4. Check out an enhanced version of our ‘after’ for your reference. I took what we did in the group (which was helpful but not ‘finished’) and refined it further using my knowledge of the actual situation.

I hope you find that useful.

Have a great week.

Dav

Patterns vs Structures

Patterns vs Structures

Do you wonder if every story you need to convey ‘fits' within one of our seven patterns?

It may shock you that I don't think they will!

I do think the patterns are a fabulous guide, but encourage you to use them as a starting point that enables you to finesse them using the core storylining principles.

But … how to do that?

I suggest you ‘hack' your structure first using our storyline planner as a guide and then tweak using first principles. Here are some thoughts on how to make that work for you:

Step 1 – Use the planner for all major communication! Work through this process from start to finish so you land your messaging before you waste time editing and potentially rewriting a lengthy document.

I was reminded of the importance of this when – not joking – I was packing my bags to return from the US last week. It was so much easier to pack for the return trip than it was on the way out. The bag was also much more neatly packed. Why?

On the way over I was packing quickly for an uncertain environment. I didn't know what the weather would be like and wasn't sure whether I needed only casual gear or more formal also.

As a result, things went in and out as I worked it through.

The process was I think a bit like working out what ideas fitted into a storyline.

So … I can't emphasise enough the importance of landing those messages first.

Step 2 – ‘Hack' at least two high-level structures for your story. Be guided by the So What Strategy book (pages 50 and 51) or your desk reference. Pick one and ‘fill it in' inside the planner using your own material but copying the structure.

Step 3 – Tweak these high-level, skeletal structures as needed making sure you stick to the overall storylining principles. This means that whether the story veers away from the chosen pattern, it still includes

  1. a short introduction that explains what you are discussing and why. Reference the 10 Point Test for definitions of the context and trigger etc.
  2. one single overarching thought that is powerful and articulated in 25 words or less
  3. one of two top-line supporting structures. Use a grouping or deductive structure where the relationships between the ideas are locked tight. This, of course, is where the challenge lies.

Step 4 – Prepare your communication, following the storyline structure to ensure your document conveys your thinking as clearly and concisely as possible.

I thought a schematic of the different generic structures might help so have included it below.

>> Download the reference here.

I hope that helps. More next week.

Kind regards,
Davina



PS – We will be opening the doors for new participants soon. Here is the latest brochure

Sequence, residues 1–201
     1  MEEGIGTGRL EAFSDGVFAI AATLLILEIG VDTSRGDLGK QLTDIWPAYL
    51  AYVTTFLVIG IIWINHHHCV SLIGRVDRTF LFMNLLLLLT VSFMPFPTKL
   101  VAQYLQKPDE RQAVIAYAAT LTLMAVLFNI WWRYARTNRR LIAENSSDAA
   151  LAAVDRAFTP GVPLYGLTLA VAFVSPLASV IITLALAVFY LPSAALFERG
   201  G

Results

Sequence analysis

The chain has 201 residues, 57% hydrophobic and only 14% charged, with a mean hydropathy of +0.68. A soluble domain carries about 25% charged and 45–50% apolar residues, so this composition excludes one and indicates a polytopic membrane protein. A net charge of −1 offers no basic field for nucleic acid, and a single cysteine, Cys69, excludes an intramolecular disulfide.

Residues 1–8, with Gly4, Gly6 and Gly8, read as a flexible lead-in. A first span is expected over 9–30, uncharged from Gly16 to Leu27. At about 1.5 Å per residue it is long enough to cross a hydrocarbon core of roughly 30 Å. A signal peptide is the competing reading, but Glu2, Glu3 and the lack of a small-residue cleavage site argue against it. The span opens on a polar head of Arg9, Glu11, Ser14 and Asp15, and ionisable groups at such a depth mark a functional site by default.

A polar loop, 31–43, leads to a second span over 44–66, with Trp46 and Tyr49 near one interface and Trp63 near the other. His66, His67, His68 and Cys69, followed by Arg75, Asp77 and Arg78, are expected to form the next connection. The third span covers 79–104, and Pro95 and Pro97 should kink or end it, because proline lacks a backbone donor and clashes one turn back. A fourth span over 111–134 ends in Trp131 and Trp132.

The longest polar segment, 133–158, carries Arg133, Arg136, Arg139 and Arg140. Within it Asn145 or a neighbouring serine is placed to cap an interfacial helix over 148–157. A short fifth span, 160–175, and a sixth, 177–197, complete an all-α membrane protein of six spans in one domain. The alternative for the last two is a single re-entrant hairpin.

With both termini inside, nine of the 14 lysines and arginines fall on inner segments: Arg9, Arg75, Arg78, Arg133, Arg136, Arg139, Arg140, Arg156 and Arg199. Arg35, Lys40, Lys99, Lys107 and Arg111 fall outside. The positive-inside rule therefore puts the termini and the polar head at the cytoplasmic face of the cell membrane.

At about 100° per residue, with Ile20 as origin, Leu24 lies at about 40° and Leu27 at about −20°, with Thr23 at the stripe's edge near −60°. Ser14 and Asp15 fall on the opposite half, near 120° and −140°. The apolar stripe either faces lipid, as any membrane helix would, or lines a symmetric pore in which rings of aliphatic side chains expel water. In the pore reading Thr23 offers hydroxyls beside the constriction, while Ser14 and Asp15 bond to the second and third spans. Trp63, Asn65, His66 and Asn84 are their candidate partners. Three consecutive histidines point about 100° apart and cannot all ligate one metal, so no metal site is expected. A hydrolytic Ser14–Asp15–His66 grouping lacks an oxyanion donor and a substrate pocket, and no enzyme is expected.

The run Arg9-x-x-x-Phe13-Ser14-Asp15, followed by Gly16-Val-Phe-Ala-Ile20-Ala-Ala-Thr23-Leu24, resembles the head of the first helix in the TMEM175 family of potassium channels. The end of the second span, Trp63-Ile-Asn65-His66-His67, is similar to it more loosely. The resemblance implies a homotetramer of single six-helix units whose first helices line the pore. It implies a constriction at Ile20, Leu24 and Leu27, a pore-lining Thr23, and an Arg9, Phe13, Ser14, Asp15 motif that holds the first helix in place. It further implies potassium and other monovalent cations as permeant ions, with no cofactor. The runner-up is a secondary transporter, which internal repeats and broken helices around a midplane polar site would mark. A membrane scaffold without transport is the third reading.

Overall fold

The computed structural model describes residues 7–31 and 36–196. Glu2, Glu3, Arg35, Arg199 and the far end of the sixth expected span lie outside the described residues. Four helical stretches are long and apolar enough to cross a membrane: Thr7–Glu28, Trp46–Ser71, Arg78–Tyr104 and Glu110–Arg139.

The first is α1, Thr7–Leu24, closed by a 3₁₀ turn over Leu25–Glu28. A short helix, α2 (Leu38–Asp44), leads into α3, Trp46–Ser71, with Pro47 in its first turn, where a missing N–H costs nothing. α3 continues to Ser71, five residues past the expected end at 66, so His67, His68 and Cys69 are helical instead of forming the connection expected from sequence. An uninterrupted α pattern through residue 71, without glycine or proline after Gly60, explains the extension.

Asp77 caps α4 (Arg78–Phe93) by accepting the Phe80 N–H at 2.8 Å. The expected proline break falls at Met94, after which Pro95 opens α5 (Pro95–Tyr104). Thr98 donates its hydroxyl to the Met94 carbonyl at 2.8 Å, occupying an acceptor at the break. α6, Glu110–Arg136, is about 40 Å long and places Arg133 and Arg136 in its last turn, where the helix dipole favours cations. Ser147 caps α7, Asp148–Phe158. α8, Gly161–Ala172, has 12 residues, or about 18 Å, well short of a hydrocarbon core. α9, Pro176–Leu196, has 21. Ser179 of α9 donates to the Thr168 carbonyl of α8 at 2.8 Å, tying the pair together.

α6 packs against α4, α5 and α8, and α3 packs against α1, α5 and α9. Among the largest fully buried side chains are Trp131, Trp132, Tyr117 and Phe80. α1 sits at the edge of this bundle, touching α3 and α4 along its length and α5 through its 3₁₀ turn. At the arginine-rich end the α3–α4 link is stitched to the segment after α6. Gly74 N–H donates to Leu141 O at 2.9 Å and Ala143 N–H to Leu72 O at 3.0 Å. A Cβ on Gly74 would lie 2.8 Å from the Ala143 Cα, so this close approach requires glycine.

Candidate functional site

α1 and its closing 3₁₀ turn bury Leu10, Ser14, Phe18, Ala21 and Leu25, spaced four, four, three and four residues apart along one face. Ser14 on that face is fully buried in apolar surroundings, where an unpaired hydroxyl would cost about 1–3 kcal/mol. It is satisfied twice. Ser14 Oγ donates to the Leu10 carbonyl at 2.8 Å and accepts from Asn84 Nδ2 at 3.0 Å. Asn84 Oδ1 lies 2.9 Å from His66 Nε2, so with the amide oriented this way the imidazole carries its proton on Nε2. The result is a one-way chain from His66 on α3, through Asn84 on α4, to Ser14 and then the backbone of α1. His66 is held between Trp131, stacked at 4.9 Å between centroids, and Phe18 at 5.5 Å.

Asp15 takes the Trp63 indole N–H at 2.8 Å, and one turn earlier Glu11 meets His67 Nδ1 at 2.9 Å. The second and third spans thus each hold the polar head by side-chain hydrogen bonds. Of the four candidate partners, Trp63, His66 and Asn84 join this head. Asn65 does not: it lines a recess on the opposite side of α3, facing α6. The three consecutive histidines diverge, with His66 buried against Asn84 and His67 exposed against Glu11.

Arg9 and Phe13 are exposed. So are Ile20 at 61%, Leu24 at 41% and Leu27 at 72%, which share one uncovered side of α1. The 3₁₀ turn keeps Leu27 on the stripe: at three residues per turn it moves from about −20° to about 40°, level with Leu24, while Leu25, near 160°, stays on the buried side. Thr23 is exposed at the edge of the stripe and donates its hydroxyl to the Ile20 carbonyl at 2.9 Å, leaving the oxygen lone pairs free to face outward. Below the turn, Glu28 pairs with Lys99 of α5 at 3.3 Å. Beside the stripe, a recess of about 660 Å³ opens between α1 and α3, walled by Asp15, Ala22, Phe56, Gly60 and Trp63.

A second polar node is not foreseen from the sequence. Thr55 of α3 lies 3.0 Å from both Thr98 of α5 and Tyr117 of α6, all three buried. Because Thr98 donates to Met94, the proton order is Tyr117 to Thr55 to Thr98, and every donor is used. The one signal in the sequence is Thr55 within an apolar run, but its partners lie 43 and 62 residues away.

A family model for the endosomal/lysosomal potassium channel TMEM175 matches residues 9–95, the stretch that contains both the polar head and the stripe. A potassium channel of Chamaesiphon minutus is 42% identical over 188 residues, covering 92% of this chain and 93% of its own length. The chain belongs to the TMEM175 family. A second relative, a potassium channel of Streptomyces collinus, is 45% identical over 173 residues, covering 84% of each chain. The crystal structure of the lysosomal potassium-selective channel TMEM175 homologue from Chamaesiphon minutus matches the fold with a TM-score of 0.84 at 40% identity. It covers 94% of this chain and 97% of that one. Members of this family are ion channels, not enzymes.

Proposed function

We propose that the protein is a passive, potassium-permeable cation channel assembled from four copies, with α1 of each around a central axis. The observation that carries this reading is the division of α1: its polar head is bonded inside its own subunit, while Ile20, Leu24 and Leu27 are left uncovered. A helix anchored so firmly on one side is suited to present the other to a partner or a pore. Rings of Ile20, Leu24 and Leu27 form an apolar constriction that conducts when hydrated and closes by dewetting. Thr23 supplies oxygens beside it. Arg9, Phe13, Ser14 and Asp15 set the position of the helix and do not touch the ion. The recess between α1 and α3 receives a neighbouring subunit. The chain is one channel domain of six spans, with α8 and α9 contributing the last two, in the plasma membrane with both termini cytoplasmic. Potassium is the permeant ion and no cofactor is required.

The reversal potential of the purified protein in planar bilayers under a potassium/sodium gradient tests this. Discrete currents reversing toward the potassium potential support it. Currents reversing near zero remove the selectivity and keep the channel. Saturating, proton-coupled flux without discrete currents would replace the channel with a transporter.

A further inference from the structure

(refreshed today!) in case you would like to tell your friends and colleagues about the program.

How to tell a story when you can’t offer a recommendation

I am often asked a question that goes a bit like this: “How do I use a storyline when I can't or don't need to offer a recommendation?”

There is at times a concern that storylining isn't fit for purpose in this setting.

We saw a terrific example of this play out in a December coaching session, which I'll unpack here for you.

The easy answer is that although we don't offer a pattern for this, you can easily use a storyline to provide a summary at the top and supporting levels.

Here is what that might look like at the top line for the stock review we discussed

For example, when writing a stock report you might want to offer a recommendation like this:

“We recommend adding Aristocrat (ALL) into your investment portfolio”
as this could be out of the scope of the work you have been engaged to do.

If you were to take this approach, the supporting points would be reasons, explaining why you recommend adding ALL to the portfolio. You would most likely use a version of the Pitch Pattern.

However, in some settings this is prohibited or unwanted. Your financial services license may not permit you to offer ‘advice', or your client may have specifically asked for your findings only.

If this is the case, you might offer a summary (akin to an ‘observation') that says something like this:

“ALL's acquisition of Playtech opens new avenues of growth and an early EPS uplift given the financial structure of the deal.”

This describes what has happened in the past quarter without saying ‘buy this stock'.

If you were to take this approach, the supporting points would still be reasons, but would put forward a different kind of argument. They would be explaining why it is true, or what evidence you have, to support the idea that the acquisition opens up new avenues of growth.

In either case the supporting points could follow a classic Grouping Structure.

You can download the example and/or watch the video of this session below.